Linda Brown, who as a Kansas girl, was at the center of the landmark US Supreme Court ruling that struck down racial segregation in schools, has died at the age of 76. Her father, Oliver Brown, tried to enroll the family in an all-white school in Topeka, Kansas. The case was sparked when he and several black families were turned away.
The NAACP’s (National Association for the Advancement of Colored People) legal arm brought the lawsuit to challenge segregation in public schools. Oliver Brown became the lead plaintiff in the 1954 Brown versus Board of Education decision by the Supreme Court that ended school segregation.
The nine justices all ruled that schools couldn’t be separate but equal, ending public school segregation. 40 years later Brown lamented that Topeka schools were still under court order to desegregate:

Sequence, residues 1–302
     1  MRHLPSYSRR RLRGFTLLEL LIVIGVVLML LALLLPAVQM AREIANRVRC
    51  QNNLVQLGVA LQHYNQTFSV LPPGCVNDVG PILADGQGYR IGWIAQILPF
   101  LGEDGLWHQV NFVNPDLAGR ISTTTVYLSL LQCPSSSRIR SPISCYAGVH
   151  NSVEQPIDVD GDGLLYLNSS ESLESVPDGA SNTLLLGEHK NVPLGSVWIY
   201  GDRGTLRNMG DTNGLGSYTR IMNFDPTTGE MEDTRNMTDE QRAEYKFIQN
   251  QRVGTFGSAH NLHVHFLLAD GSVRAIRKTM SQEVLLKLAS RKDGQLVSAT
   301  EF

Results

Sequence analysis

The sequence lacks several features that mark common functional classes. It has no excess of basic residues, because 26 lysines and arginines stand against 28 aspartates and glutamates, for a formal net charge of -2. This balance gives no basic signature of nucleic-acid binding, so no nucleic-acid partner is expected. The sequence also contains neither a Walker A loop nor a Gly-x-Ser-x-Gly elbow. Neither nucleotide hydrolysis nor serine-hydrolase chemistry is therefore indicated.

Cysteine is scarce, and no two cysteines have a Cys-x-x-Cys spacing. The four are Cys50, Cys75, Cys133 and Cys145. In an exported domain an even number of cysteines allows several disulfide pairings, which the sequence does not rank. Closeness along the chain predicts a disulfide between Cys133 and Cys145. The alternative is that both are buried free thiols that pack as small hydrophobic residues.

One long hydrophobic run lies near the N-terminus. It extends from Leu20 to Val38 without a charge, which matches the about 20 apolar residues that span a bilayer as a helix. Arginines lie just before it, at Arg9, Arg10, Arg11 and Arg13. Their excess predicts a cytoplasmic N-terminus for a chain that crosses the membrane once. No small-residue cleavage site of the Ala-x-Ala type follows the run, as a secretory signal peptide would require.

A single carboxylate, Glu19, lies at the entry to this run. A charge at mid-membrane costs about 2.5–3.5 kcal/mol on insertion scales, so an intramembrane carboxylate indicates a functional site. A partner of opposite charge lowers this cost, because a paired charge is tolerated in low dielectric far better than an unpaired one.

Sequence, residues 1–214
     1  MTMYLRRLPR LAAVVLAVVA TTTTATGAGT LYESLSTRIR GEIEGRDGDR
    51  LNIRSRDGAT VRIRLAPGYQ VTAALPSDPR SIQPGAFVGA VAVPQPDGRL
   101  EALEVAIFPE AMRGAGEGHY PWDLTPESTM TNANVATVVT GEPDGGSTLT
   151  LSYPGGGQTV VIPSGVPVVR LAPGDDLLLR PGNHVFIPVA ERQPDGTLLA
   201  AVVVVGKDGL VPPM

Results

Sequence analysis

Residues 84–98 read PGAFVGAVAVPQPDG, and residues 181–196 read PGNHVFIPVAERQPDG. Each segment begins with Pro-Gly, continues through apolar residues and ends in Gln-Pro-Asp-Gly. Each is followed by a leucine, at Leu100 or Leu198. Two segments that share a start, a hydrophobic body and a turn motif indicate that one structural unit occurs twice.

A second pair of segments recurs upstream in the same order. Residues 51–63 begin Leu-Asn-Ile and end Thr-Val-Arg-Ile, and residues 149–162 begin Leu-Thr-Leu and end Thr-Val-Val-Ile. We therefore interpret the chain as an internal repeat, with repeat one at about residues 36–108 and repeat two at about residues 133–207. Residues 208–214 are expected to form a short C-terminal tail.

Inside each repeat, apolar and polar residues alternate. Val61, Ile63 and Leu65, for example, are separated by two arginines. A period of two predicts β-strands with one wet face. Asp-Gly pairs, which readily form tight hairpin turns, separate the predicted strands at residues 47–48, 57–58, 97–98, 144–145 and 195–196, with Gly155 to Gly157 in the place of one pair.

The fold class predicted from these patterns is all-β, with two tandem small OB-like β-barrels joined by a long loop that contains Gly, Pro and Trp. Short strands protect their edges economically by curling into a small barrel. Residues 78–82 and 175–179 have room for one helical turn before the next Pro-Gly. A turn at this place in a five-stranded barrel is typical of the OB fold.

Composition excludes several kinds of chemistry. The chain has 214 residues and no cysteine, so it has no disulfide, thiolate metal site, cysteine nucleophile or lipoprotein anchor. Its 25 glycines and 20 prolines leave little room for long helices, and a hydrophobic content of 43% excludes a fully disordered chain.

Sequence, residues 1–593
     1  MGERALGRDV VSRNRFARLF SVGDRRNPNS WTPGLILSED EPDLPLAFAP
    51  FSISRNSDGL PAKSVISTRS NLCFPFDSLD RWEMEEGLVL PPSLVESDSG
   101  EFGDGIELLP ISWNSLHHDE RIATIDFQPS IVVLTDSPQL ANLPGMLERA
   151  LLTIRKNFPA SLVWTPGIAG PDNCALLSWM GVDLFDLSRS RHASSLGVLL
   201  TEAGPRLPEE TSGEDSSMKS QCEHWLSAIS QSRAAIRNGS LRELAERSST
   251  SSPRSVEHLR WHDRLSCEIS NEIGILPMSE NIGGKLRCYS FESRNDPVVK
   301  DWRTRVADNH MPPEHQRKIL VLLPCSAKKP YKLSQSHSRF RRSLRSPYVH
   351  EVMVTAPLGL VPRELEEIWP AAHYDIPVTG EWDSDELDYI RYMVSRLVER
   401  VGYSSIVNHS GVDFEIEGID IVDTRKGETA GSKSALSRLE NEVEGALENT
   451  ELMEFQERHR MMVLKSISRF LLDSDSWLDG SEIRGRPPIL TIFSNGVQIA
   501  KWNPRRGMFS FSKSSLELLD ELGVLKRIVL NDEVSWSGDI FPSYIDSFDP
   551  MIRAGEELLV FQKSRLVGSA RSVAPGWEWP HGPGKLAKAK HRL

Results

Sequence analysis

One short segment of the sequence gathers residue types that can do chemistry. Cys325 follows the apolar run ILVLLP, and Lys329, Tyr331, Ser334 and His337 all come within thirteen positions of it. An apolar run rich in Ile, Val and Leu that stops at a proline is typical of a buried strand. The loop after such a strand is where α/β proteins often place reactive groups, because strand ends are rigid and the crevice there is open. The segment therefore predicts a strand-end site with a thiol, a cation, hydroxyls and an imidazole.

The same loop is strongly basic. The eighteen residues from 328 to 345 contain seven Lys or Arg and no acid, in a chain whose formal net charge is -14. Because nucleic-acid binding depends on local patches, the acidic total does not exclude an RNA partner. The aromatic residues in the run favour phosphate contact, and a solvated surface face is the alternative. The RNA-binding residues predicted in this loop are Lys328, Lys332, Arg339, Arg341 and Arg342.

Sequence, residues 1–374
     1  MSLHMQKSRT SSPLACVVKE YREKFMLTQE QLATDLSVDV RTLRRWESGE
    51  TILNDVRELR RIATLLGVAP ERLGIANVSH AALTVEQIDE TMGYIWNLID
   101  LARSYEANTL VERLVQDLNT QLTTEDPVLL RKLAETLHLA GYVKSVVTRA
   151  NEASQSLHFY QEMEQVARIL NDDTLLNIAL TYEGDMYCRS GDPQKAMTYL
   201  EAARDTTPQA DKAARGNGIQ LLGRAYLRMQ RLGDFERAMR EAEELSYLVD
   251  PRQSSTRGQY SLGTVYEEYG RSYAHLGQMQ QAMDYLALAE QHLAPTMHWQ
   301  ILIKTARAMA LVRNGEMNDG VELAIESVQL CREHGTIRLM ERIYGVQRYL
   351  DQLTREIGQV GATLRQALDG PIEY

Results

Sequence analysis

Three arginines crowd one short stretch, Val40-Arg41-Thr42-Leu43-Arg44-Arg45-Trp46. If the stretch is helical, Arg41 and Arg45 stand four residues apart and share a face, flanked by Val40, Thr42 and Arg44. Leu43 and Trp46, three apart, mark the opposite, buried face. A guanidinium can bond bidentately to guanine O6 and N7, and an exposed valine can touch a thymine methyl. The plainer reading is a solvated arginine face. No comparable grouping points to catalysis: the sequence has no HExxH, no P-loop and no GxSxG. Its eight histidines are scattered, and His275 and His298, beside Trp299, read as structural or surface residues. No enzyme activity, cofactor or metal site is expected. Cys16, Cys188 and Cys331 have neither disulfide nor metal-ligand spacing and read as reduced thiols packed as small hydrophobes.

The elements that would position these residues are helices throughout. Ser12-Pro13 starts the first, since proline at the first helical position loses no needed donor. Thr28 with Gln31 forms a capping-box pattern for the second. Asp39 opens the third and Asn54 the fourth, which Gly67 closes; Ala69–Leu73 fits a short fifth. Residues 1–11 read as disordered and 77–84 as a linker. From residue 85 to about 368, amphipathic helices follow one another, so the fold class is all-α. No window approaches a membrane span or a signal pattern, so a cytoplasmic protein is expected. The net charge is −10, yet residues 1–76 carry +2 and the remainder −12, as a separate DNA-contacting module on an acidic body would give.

“We feel disheartened that 40 years later we’re still talking about the desegregation of schools but it is very necessary that the struggle continues because for generations coming on behind us we have to be ever mindful of what’s going to happen for them”.
Sherrilyn Ifill, the President and Director-Counsel of the NAACP Legal Defense and Educational Fund said in a statement:
“Linda is one of a band of heroic young people who, along with her family, courageously fought to end the ultimate symbol of white supremacy, racial segregation in public schools”.
Watch this news segment and more like it on LoveWorld USA News with Holly McClure.